To determine whether women with perinatal depression are at an increased risk of death compared with women who did not develop the disorder, and compared with full sisters.
Nationwide, register based study.
Swedish national registers, 1 January 2001 to 31 December 2018.
86 551 women with a first ever diagnosis of perinatal depression ascertained through specialised care and use of antidepressants, and 865 510 women who did not have perinatal depression were identified and matched based on age and calendar year at delivery. To address familial confounding factors, comparisons were made between 270 586 full sisters (women with perinatal depression (n=24 473) and full sisters who did not have this disorder (n=246 113)), who gave at least one singleton birth during the study period.
Main outcome measures
Primary outcome was death due to any cause. Secondary outcome was cause specific deaths (ie, unnatural and natural causes). Multivariable Cox regression was used to estimate hazard ratios of mortality comparing women with perinatal depression to unaffected women and sisters, taking into account several confounders. The temporal patterns of perinatal depression and differences between antepartum and postpartum onset of perinatal depression were also studied.
522 deaths (0.82 per 1000 person years) were reported among women with perinatal depression diagnosed at a median age of 31.0 years (interquartile range 27.0 to 35.0) over up to 18 years of follow-up. Compared with women who did not have perinatal depression, women with perinatal depression were associated with an increased risk of death (adjusted hazard ratio 2.11 (95% confidence interval 1.86 to 2.40)); similar associations were reported among women who had and did not have pre-existing psychiatric disorder.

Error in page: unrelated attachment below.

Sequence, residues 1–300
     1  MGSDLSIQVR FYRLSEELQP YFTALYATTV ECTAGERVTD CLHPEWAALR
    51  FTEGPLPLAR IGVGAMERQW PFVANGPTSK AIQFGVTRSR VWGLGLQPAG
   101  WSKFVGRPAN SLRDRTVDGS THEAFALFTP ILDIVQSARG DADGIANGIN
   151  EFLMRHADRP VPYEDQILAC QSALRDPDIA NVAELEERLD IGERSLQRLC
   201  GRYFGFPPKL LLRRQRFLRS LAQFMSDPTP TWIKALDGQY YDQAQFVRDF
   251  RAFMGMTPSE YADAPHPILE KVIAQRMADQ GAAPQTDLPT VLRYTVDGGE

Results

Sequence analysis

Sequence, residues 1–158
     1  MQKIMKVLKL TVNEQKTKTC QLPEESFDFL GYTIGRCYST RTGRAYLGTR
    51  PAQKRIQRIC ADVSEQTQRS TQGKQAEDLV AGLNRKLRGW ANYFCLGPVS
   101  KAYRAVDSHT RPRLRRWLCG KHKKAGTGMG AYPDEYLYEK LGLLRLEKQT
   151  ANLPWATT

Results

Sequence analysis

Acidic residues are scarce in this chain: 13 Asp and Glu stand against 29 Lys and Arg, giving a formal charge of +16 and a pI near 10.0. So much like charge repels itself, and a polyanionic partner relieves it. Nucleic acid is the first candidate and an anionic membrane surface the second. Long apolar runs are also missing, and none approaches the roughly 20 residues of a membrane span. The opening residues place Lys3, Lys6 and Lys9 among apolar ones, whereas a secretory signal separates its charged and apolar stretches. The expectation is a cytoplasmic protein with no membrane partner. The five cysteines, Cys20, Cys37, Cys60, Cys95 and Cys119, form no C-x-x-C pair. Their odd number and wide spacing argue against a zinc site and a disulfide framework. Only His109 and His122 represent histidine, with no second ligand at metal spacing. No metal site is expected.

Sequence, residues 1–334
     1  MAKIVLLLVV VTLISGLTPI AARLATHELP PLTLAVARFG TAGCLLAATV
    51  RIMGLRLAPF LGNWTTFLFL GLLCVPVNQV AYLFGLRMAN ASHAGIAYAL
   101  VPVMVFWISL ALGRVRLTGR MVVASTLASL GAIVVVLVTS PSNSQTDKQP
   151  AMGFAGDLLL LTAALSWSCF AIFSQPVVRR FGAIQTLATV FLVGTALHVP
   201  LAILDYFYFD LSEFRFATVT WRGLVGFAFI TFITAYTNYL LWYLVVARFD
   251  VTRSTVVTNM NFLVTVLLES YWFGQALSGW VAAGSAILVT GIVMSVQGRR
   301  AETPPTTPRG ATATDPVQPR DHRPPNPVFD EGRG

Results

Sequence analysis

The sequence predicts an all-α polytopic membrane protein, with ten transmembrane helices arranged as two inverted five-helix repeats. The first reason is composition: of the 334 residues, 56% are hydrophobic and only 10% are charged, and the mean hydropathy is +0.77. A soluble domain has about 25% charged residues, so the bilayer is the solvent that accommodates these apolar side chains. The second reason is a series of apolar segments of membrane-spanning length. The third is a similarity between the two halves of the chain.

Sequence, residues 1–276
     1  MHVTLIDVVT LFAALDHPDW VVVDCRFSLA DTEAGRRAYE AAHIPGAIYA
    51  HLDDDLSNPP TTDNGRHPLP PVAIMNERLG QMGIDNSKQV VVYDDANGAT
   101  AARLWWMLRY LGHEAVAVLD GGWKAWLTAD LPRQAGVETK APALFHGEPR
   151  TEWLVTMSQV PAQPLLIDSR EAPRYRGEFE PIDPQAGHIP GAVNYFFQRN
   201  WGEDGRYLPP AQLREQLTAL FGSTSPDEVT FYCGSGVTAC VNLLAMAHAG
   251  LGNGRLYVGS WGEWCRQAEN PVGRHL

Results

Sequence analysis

Risk of death seemed to be increased for postpartum than for antepartum depression (hazard ratio 2.71 (95% confidence interval 2.26 to 3.26) v 1.62 (1.34 to 1.94)). A similar association was noted for perinatal depression in the sibling comparison (2.12 (1.16 to 3.88)). The association was most pronounced within the first year after perinatal depression but remained up to 18 years after start of follow up.
An increased risk was associated with both unnatural and natural causes of death among women with perinatal depression (4.28 (3.44 to 5.32) v (1.38 (1.16 to 1.64)), with the strongest association noted for suicide (6.34 (4.62 to 8.71)), although suicide was rare (0.23 per 1000 person years).
Even when accounting for familial factors, women with clinically diagnosed perinatal depression were associated with an increased risk of death, particularly during the first year after diagnosis and because of suicide. Women who are affected, their families, and health professionals should be aware of these severe health hazards after perinatal depression.